But I did like the girls in St. Rosalia. It was like a nightly slumber party, and because the dorm was little enough, we got to bond intimately with one another. I was close with most of the girls, we knew one another’s secrets—crushes, boyfriends, the few bratty dormmates we didn’t like but pretended to like, tips on shaving our legs and whatever else there was to shave, and what have you. Margie was adored by many, but they felt like she was out of reach, like she was on a pedestal or something. Meg (that’s what they called her) was quiet most of the time. She never got angry, largely because she vented everything out on me, which I didn’t mind, because that meant that she trusted me more than anyone else. God was my only rival when it came to her confidence. I knew how to pray, I was sent to nun’s places all my life and so was Margie. But Margie’s faith was like no other. She could stay in the prayer room for hours on end, she attended Mass every day at 5pm, she said the Rosary before she went to bed. She’d always been such an angel. It wasn’t long before everyone called her “St. Margaret.”

“And I’m like one of your followers,” I jokingly said to which she smiled humbly.

Margie was mostly admired because of her skills on the piano. Next to the prayer room and her study table, the seat by the baby piano in the receiving area was her favorite place. The girls’ visitors listened to her play. The inquiring parents were especially captivated, probably wondering if their daughters could ever be taught to play like that. I was a fan myself. Eversince we were kids, I knew that music was Margie’s gift. I never could play an instrument to save my soul. But Margie—she changed every time she closed her eyes while her fingers danced on the black, the white, the ivory. It was like she was in a trance or something. She had mastered Fϋr Elise and it was the arrangement that I liked to hear her play the most, perhaps because it was the most familiar piece to me. I even recorded it once so she could make it her phone’s alarm tone since she always woke up at 6 am, right before sunrise.
Apparently, Margie also got herself another fan: Fr. Kevin. He regularly visited the dorm when she played or when he just felt like talking to her. Once, he even sent her a bouquet with a card that said “My dear Margaret, These pale in comparison to you. Signed, K.”

Margie told me that Fr. Kevin was only 30, but that even at such a young age, he already made it to becoming the Chapel’s parish priest. She’d always been uneasy with the opposite sex (I couldn’t blame her, after what she’d gone through), but Fr. Kevin scared her less—perhaps it was the robe. Margie was never really attracted to him the way that he was to her. She thought it was a pure kind of friendship and she chose to believe that the bouquet wasn’t from him, either.
“There are lots of K’s as there are lots of Margaret’s,” she claimed.
“And you’re the only Margaret here who hangs out with a Kevin,” I pointed out.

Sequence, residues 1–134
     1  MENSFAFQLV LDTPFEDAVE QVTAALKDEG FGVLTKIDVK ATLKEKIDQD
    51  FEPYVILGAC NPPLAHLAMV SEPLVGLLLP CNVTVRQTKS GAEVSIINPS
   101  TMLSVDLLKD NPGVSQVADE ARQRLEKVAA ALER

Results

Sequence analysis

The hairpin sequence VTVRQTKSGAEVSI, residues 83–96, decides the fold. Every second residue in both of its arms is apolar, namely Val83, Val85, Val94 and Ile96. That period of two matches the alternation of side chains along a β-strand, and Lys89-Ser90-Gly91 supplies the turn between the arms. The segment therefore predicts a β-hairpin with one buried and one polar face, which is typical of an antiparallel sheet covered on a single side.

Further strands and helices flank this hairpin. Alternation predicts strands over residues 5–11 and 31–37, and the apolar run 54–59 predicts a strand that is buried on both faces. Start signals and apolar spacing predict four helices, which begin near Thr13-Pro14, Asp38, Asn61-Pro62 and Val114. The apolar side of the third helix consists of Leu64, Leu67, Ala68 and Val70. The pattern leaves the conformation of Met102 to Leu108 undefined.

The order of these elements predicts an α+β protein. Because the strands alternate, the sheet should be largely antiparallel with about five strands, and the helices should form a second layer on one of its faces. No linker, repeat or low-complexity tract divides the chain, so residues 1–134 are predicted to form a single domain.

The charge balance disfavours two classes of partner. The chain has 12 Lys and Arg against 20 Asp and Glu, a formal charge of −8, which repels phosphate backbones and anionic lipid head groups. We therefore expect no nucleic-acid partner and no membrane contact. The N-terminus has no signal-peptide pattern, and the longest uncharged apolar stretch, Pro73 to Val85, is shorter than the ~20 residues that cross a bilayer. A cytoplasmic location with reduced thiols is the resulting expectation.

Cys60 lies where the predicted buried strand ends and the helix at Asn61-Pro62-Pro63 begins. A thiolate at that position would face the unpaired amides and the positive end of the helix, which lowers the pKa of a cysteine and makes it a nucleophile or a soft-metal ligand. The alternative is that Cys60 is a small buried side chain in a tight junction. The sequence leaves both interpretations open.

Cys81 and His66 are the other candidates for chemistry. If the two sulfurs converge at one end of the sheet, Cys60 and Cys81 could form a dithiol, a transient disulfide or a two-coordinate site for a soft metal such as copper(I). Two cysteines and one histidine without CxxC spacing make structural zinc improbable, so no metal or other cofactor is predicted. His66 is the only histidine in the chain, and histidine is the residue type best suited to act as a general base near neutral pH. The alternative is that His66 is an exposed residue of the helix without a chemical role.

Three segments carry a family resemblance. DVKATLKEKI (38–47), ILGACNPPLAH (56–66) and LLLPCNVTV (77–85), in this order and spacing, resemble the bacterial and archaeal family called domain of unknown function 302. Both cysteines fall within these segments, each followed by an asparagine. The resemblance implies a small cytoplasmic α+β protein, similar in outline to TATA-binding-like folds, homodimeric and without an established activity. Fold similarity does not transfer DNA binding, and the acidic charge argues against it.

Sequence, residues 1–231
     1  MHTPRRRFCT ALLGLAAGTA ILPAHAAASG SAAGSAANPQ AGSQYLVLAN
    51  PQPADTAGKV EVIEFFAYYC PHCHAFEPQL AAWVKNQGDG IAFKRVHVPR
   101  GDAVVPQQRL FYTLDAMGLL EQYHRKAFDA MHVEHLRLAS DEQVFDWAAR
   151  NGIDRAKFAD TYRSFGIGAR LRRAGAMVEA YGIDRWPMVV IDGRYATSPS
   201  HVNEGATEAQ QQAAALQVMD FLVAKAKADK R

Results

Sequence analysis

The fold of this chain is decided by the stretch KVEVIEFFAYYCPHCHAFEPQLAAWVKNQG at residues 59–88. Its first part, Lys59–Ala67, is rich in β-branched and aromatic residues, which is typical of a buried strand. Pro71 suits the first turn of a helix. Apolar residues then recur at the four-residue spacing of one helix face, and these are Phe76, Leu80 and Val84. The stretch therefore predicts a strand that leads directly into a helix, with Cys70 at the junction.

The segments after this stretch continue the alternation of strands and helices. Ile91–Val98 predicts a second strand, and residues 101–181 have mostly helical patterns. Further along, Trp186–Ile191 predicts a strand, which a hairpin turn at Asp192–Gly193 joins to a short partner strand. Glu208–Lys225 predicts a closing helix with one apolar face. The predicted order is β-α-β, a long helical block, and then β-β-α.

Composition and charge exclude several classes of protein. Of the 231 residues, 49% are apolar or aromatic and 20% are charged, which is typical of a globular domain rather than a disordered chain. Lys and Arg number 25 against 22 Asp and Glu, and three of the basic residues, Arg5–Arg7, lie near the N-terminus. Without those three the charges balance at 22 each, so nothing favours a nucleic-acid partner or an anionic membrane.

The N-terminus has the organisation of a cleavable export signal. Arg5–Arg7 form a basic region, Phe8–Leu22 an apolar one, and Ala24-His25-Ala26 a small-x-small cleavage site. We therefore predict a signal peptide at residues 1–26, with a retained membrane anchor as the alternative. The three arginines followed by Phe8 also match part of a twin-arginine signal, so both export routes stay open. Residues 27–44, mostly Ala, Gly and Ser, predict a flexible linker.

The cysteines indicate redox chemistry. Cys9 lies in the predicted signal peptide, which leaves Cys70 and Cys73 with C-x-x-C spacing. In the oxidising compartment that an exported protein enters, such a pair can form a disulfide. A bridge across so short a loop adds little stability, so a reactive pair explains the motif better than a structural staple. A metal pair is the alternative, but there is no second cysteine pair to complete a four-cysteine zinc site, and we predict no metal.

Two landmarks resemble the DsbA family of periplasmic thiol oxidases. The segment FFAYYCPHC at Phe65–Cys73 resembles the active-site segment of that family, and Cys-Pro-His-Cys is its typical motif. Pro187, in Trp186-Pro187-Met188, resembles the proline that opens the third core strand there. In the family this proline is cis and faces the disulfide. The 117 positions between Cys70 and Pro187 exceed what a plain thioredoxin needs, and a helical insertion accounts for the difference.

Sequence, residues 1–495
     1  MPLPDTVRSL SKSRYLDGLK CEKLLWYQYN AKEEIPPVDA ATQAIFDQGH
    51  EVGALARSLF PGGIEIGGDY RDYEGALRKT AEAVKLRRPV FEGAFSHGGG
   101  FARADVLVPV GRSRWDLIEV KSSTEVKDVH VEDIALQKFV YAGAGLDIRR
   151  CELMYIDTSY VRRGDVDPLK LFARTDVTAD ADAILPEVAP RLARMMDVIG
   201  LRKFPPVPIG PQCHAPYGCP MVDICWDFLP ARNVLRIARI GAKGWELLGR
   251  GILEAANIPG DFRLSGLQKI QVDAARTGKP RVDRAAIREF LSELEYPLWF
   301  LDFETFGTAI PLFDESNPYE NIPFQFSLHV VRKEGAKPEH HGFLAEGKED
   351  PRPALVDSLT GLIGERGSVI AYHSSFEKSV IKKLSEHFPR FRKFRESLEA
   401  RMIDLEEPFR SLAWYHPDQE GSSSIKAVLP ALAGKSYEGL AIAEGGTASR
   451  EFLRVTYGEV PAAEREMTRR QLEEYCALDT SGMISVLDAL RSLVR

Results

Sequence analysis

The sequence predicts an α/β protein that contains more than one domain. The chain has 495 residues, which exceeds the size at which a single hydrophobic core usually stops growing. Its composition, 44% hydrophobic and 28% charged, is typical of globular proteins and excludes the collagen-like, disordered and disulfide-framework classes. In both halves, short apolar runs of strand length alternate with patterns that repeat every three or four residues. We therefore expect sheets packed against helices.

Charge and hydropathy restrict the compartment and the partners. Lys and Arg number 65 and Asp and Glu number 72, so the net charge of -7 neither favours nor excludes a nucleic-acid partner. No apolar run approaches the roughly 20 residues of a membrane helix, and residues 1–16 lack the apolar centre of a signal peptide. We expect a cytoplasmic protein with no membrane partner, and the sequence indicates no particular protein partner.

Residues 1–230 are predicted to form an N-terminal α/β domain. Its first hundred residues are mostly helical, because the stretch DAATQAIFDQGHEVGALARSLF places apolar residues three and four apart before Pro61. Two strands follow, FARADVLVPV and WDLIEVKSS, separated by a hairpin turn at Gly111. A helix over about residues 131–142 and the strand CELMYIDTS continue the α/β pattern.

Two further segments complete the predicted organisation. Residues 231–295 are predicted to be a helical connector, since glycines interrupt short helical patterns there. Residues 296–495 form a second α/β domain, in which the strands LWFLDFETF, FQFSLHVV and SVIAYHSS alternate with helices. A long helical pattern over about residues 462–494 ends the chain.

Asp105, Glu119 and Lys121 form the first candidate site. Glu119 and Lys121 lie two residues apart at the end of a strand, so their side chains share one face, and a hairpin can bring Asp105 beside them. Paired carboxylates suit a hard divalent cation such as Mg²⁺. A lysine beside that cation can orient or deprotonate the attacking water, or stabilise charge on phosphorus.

He was cute, in fact. Some Rosalians attended Sunday Mass just to see him preside over it. They sighed and giggled to his jokes when he delivered his sermons. They even said they envied St. Margaret, that it was “a match made in heaven.” Margie frowned upon this and even tried to avoid him. The only reason I never liked Fr. Kevin despite his charm was Margie (I never found it in my heart to forgive him for what he did).

It was evening then and I just got back from school. I found Margie in one of the bathroom cubicles, furiously scrubbing herself. She was crying quietly (poor Margie, always had to endure things quietly) but her skin was red and almost bruised.
“Margie!” I shouted, running towards her.
“Don’t touch me! I’m filthy,” she sobbed. “I’ve to clean myself, Hannah.”

I then found out that that afternoon, Fr. Kevin insisted on seeing her. Margie plucked up the courage to tell him that their closeness already had people talking and that she wasn’t okay with it anymore. This was when he confessed to her that he was, in fact, in love with her. Margie would not hear any of this, so she told him that it was best if they didn’t see each other again. Margie told me how Fr. Kevin begged her to stay and when she declined his request, he grabbed her by the waist and kissed her.

“Doug was all that I saw, Hannah. It all came back to me. I…can’t forgive myself now,” she whispered. I tried to hug her, but even my touch frightened her. “I am filthy, I must do penance,” she said.

I felt sorry for Margie. I hated Fr. Kevin. I hated “Dog.” I hated Tita Sonia for being a mute witness to it all. And I hated myself, because I didn’t do anything to protect her, either.

The following months were the saddest, most disturbing time between Margie and me. She started spending an hour and a half when she took a bath. The other girls complained about this because they had to wait for their turn. She didn’t talk to me much except when I tried to start a conversation but she only ended up reassuring herself that she’d be “as immaculate as before” in no time. And I told her, “It doesn’t matter. You’re still the Margie I know. Don’t let your past haunt you. I’m just right here, everything’s gonna be okay (and I wish that I really was there for her and that everything would’ve been okay).”